The turn of the millennium saw the final release of the band known as “At the Drive-In”, the name of the album was “Relationship of Command”. Merging elements of various different genres, it was one of those bands that were difficult to characterise. Not quite heavy enough to be considered metal but loud and frenetic enough to make many fans in that genre, At the Drive-In represented a different kind of attraction from many other bands at the time. What was undeniable however was that there was a progressive element in their music which made them exciting to listen to.  Many of their compositions would sound chaotic and disjointed, almost like a band indulging in a random jam rather than playing a coherent structured song but they would always have a catchy tune underneath all the sonic mish-mash that gave each song its identity. Choosing to abide by Cobain’s iconic logic of burning out rather than fading away, the band split up soon afterwards.
                Two of the members however, Cedric Bixler-Zavala and Omar Rodríguez-López, chose to take the pioneering sound that characterised At the Drive-In and take it to new heights and beyond with a band that formed out of the ashes of At the Drive-In; enter The Mars Volta. Featuring lengthy compositions often segmented into various parts with an overall lyrical theme, The Mars Volta really explored to the full the progressive potential first hinted at by At the Drive-In. The Mars Volta saw Bixler-Zavala and Rodriguez-Lopez turn the weird notch up to 11 with psychedelic riffs and lyrics that were so far “out there” that one could sometimes have trouble knowing what language they were speaking.
                I’m not here to chart the band’s history though; I’m here to review their fifth studio effort “Octahedron”. Released in 2009, this album had to follow four full albums of progressive and truly unique material and would have much to live up to a fan base conditioned to expect the unexpected. The result is a fairly subdued effort in which the band have embraced more melodic material instead of their usual complex and disjointed output. “Since we’ve been wrong” starts the album off on a mellow note and sets the tone for the album that follows.  “Teflon” and “Halo of Nembutals” would offer fans more of what they were familiar with; it features the usual messiness along with a slightly off-time drum beat.
                The centrepiece of the album is “With Twilight as my Guide”. This is a beautiful melodic piece with a great tune. Many listeners may be frustrated by the fact that it never leaves 3rd gear, nonetheless the appeal of this song is infectious.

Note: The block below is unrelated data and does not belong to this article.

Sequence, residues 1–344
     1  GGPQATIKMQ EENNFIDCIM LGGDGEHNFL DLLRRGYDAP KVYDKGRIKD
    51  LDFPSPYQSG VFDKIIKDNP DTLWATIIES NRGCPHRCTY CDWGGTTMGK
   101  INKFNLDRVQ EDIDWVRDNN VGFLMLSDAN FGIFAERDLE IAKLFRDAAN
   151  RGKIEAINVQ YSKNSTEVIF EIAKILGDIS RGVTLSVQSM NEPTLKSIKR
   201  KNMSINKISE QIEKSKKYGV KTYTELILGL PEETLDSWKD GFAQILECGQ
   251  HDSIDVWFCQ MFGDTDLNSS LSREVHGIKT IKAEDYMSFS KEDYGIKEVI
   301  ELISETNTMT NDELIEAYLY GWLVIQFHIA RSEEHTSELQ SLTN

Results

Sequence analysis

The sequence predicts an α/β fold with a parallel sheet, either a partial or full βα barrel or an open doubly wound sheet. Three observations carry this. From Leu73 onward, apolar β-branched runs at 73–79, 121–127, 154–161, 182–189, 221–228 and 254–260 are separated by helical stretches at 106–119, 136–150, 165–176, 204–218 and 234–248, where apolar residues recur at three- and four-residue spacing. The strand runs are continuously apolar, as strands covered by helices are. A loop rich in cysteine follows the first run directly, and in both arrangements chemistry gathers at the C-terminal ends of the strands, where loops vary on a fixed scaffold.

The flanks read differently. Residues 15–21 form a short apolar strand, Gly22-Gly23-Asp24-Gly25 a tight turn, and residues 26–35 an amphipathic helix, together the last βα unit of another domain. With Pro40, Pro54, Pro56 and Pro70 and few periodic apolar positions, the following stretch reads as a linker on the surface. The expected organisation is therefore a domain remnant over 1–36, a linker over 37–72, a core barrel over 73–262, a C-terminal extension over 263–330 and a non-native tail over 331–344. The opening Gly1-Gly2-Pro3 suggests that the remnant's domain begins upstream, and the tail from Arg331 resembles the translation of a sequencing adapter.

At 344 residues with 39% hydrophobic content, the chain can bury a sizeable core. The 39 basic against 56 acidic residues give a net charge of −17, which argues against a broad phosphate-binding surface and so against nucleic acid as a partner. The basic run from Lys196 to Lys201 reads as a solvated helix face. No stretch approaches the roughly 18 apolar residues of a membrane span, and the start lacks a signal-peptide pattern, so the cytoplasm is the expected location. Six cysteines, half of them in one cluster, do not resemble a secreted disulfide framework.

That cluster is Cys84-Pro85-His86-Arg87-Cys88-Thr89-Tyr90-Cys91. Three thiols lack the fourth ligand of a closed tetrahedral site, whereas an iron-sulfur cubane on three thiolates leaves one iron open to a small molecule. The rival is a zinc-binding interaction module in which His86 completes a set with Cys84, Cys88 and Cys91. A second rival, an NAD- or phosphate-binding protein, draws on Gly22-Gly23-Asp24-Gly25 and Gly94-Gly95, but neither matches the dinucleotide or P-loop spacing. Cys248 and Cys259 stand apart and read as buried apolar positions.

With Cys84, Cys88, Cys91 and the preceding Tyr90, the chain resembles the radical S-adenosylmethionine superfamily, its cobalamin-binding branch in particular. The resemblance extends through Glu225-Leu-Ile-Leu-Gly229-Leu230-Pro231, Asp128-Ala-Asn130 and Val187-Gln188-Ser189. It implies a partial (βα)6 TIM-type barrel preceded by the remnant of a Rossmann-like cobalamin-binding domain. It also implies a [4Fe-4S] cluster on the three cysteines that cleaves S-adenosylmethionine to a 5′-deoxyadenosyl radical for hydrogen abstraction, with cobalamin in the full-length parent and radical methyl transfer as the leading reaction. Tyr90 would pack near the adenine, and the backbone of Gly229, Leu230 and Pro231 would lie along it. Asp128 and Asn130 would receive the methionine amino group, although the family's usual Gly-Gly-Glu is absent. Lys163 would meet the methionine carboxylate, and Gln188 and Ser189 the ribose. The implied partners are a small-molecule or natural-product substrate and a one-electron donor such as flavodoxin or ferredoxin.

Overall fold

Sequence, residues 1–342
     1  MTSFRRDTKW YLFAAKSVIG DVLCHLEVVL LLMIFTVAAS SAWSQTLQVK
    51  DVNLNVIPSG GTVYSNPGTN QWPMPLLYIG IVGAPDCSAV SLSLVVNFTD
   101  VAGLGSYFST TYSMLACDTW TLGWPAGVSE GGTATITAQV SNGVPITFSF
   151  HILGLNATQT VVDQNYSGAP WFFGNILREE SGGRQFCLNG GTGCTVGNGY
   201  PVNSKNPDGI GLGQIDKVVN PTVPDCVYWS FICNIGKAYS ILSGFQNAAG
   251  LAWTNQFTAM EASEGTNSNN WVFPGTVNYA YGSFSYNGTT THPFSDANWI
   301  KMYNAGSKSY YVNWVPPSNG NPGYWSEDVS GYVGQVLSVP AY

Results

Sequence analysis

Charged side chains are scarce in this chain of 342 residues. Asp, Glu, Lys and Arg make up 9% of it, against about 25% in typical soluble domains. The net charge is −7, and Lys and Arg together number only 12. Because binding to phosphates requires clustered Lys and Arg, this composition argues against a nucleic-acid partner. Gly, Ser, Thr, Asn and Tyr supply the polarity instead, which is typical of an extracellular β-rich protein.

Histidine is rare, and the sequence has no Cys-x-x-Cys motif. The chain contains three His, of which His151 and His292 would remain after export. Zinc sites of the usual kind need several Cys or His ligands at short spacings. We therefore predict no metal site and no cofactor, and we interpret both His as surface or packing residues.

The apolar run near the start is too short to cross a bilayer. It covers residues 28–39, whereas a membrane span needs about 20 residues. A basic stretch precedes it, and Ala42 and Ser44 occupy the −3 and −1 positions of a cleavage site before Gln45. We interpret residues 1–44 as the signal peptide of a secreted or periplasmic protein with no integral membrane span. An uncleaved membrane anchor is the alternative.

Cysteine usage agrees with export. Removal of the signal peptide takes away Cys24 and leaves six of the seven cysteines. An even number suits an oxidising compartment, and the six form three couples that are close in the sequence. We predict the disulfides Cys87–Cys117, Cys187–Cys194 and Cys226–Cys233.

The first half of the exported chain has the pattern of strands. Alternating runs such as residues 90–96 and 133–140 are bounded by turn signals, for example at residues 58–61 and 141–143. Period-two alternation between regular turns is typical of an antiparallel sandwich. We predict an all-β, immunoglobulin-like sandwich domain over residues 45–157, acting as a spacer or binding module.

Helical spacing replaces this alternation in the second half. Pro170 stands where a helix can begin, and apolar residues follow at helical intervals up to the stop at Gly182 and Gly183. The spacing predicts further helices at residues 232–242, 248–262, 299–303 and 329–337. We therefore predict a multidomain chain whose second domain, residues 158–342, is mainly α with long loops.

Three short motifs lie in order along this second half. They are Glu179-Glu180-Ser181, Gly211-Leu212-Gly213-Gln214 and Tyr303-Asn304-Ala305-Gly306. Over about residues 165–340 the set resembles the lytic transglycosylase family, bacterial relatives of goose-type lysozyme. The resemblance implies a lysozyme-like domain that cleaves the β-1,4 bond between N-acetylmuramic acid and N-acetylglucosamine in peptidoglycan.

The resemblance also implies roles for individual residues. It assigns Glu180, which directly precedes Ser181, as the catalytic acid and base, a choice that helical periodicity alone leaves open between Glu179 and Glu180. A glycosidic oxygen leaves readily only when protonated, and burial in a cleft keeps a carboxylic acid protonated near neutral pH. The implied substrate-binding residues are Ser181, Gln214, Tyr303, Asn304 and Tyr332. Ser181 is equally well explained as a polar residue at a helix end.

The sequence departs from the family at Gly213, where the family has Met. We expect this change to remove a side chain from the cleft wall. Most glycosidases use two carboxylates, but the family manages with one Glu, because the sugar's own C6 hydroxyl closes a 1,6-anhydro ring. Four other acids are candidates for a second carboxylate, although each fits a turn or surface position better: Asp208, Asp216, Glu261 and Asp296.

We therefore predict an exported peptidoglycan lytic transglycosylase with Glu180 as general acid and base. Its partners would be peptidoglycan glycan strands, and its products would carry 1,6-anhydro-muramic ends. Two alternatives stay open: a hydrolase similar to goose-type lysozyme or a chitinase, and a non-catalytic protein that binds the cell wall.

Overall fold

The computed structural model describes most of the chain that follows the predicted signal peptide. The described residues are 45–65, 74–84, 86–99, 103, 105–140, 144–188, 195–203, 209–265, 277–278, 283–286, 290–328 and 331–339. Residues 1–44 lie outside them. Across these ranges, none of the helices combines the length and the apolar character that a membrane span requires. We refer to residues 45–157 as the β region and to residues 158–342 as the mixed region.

The album finishes with “Luciforms”, this is a slow burning example of progressive mastery. Starting as a slow and almost haunting rhythm it then kicks into the kind of discordant atonal guitar work which really should sound terrible but yet strangely doesn’t. Indeed, the band very much base their sounds on a collection of dissonant atonal noise and allows them to coalesce together to form a tune, indeed it’s difficult to imagine how these songs were written.
                Despite some worthy offerings, this album has to be their weakest yet. It’s not a bad album, none of the eight songs on offer here are in any way bad, it’s just that they have done so much better. Most of The Mars Volta’s previous work was more dynamic, more varied, a lot more progressive and exploratory. They offered much more for progressive aficionados to sink their teeth into. It’s difficult to know whether I would recommend this album. If you are an existing fan then you will find a lot of the elements of the band you know and love to be found here. If you have never heard them before, this might be a good place to start seeing as its probably their lightest and most easily accessible offering yet, just don’t listen to this with the assumption that you are hearing the absolute best they have to offer because it only gets better from here.

Tuesday, 8 May 2012


Hello again! As promised, there now follows the review of Fleshgod Apocalypse's second album. How do they think up these names???

I had never heard of Fleshgod Apocalypse when I went to see them in Dublin not so long ago. All that I knew was that they were described as symphonic technical death metal, meaning that they incorporated symphonic elements into grinding death metal with a fast, frenetic and often technical style. Basically, If Decapitated had sex with Dimmu Borgir, the resulting progeny would be these guys. Being a fan of the aforementioned I was willing to give this band a chance and went into this gig blind, meaning, I hadn’t heard any of their songs.
                Selling for a reasonable price of 10 euro, I elected to buy their second album “Agony” before they went on stage. When they finally did, I found their sound to be chaotic. Their songs were too fast for me to be able to make out much of it and all of their output sounded kind of the same. Having consumed a lot of alcohol by this point, I simply assumed and I was too drunk to make out anything going on onstage. Good thing, I thought, that I had bought the album so that I could have a proper listen. It turns out though, that’s the way they normally sound anyway.
                To be fair, Fleshgod are talented enough musicians in their own right. Francesco Paoli’s drumming is insanely fast, seriously, it’s not even human; an Octopus on steroids could not do a better job. Franceso Ferrini’s piano and orchestral work add a great deal to the band’s sound. Grandiose and layered, Ferrini’s contribution gives the band a somewhat epic feel and will serve to remind listeners that beneath the blast-beat drumming and brutal riffs, there lies a discernible tune. Not only that, the orchestra links each song to each other resulting in the album sounding like an unrelenting juggernaut of noise and brutality. Guitar solos too add to the mix along vocal contributions from various band members resulting in a mix between death metal growling and a ludicrously high pitched clean voice.